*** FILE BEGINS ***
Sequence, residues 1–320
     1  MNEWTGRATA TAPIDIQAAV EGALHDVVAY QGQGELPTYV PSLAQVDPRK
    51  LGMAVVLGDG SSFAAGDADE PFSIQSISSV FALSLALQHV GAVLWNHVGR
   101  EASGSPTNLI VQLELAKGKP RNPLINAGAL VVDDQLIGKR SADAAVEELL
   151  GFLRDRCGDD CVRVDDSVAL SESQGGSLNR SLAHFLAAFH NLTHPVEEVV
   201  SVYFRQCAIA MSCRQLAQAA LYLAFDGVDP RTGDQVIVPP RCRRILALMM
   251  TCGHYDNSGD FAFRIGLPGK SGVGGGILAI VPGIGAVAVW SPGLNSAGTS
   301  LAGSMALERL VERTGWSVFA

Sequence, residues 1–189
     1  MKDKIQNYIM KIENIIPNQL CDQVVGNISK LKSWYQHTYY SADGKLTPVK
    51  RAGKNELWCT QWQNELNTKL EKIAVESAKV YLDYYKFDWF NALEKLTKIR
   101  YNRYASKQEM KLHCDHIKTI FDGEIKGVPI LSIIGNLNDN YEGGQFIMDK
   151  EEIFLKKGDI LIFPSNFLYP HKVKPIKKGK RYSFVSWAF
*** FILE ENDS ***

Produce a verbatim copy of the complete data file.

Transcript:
Sequence, residues 1–320
     1  MNEWTGRATA TAPIDIQAAV EGALHDVVAY QGQGELPTYV PSLAQVDPRK
    51  LGMAVVLGDG SSFAAGDADE PFSIQSISSV FALSLALQHV GAVLWNHVGR
   101  EASGSPTNLI VQLELAKGKP RNPLINAGAL VVDDQLIGKR SADAAVEELL
   151  GFLRDRCGDD CVRVDDSVAL SESQGGSLNR SLAHFLAAFH NLTHPVEEVV
   201  SVYFRQCAIA MSCRQLAQAA LYLAFDGVDP RTGDQVIVPP RCRRILALMM
   251  TCGHYDNSGD FAFRIGLPGK SGVGGGILAI VPGIGAVAVW SPGLNSAGTS
   301  LAGSMALERL VERTGWSVFA

Sequence, residues 1–189
     1  MKDKIQNYIM KIENIIPNQL CDQVVGNISK LKSWYQHTYY SADGKLTPVK
    51  RAGKNELWCT QWQNELNTKL EKIAVESAKV YLDYYKFDWF NALEKLTKIR
   101  YNRYASKQEM KLHCDHIKTI FDGEIKGVPI LSIIGNLNDN YEGGQFIMDK
   151  EEIFLKKGDI LIFPSNFLYP HKVKPIKKGK RYSFVSWAF